Recently I had a colleague contact me asking for a bibliography of recent influential texts that he could include in a three credit introductory course in technology for language students. Mike said that he was looking primarily for items that approached technology from a theoretical or philosophical perspective.

I went though my RefWorks bibliography of about 1366 references for courses that I’ve taught in Adult Education, Technology Planning and Emerging Technology, and came up the following list as a starting place. Since I happen to have the New Media Reader sitting on my desk, I strongly suggested that he start there.

Any ideas of others that have shaped your thinking would be appreciated.


Anderson, C. (2006). The long tail: Why the future of business is selling less of more Hyperion.

Baase, S. (2008). A gift of fire: Social, legal, and ethical issues for computing and the internet (3rd edition) (3rd ed.) Prentice Hall.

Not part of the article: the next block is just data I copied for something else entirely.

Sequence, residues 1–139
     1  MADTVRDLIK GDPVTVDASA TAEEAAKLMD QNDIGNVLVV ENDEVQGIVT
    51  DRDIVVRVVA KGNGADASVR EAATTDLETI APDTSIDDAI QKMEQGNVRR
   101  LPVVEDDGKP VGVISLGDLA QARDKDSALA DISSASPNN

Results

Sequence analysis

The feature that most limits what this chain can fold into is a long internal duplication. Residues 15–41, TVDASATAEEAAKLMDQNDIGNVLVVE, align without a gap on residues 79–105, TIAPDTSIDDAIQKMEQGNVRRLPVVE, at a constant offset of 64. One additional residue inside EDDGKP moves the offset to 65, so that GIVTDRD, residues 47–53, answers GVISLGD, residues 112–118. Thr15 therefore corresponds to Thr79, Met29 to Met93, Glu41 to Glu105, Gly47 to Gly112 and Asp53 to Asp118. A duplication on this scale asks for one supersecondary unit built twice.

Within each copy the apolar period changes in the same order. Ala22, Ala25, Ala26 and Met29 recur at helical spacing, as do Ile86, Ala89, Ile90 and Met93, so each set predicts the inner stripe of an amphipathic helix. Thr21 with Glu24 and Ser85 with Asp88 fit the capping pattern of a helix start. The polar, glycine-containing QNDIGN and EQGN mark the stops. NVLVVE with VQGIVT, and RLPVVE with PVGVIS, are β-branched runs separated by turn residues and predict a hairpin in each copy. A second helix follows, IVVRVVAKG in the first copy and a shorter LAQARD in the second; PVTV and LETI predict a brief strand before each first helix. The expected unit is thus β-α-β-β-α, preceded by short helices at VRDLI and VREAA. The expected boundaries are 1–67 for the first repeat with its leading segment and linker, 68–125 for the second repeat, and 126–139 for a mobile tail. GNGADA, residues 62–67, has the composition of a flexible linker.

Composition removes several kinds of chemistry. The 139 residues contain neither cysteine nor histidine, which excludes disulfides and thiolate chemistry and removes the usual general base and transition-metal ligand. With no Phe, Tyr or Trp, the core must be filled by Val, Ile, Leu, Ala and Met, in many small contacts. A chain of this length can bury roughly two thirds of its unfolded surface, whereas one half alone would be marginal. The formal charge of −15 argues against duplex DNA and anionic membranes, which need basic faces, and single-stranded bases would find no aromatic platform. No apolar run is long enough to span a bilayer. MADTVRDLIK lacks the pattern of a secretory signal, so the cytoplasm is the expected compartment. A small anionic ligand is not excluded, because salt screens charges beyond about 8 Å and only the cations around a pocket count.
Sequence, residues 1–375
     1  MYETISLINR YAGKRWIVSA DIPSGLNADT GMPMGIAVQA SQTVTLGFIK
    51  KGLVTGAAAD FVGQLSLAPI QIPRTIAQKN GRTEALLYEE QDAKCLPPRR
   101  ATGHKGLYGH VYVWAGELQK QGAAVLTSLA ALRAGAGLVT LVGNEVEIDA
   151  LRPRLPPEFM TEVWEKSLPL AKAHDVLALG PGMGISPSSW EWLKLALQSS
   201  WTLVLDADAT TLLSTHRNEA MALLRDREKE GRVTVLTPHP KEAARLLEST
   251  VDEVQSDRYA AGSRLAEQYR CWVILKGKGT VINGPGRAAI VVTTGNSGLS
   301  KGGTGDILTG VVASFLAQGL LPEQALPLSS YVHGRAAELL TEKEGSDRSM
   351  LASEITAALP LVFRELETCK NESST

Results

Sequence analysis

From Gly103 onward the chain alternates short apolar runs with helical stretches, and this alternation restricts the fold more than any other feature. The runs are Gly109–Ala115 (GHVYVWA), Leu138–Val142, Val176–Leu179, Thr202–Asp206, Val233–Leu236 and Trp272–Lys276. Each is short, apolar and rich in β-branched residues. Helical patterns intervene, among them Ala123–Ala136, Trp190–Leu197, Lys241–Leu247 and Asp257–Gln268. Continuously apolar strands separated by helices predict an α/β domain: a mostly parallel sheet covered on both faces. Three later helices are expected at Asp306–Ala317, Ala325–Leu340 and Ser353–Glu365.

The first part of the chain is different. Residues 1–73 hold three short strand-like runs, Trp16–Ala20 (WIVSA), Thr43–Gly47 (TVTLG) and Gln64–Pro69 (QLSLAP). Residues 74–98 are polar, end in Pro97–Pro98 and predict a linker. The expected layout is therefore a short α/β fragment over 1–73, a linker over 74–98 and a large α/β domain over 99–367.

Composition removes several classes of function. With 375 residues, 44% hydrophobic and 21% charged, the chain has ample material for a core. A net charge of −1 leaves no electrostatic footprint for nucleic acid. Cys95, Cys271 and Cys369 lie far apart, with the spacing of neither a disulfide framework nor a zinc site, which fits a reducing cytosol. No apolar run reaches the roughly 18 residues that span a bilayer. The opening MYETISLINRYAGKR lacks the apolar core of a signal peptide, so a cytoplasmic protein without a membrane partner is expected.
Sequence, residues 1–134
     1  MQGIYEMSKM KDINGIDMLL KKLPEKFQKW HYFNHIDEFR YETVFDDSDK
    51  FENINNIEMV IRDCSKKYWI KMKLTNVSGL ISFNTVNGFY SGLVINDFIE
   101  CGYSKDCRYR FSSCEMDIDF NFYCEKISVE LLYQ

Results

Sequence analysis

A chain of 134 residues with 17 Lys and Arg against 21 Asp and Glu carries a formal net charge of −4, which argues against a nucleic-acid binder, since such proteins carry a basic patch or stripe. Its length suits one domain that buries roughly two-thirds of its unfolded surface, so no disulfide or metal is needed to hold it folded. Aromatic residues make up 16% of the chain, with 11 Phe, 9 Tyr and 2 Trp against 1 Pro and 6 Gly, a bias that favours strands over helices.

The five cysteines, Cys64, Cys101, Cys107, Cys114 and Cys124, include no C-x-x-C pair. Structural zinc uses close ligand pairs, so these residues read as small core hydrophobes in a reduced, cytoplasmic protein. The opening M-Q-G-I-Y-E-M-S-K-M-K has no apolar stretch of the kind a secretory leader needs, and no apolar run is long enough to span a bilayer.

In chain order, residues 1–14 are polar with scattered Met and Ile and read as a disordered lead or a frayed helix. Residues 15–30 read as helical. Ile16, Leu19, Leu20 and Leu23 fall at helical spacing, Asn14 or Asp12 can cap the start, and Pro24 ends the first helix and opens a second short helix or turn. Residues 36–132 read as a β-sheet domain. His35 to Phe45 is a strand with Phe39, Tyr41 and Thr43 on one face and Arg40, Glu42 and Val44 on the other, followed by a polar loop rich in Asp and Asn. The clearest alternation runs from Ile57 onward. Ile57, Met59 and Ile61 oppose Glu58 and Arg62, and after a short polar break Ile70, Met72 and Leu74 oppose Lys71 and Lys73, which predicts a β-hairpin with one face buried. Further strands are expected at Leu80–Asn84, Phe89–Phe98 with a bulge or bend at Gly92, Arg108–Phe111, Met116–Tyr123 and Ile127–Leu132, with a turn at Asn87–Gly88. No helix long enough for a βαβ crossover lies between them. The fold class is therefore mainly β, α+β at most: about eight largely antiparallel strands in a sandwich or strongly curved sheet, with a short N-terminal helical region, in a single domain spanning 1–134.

Brown, J. S., & Duguid, P. (2000). The social life of information. Cambridge: Harvard Business School Press.

Dertouzos, M. L. (2001). The unfinished revolution : Human-centered computers and what they can do for us. New York: HarperCollins.

Duderstadt, J. J., Atkins, D. E., & Van Houweling, D. E. (2002). Higher education in the digital age : Technology issues and strategies for American colleges and universities. Westport, Conn.: Greenwood Press.

Friedman, T. L. (2007). The world is flat 3.0: A brief history of the twenty-first century Picador.

Hafner, K. (1998). Where wizards stay up late: The origins of the internet Simon & Schuster.

Jenkins, H. (2006). Convergence culture: Where old and new media collide NYU Press.

Lessig, L. (2005). Free culture: The nature and future of creativity Penguin (Non-Classics).

Lessig, L. (2006). Code: Version 2.0 Basic Books.

Montfort, N., & Wardrip-Fruin, N. (2003). The new media reader. Cambridge, Mass. : MIT Press.

Negroponte, N. (1996). Being digital (New Ed ed. ) Coronet Books.

Shenk, D. (1998). Data smog: Surviving the information glut revised and updated edition (Rev Upd ed.) HarperOne.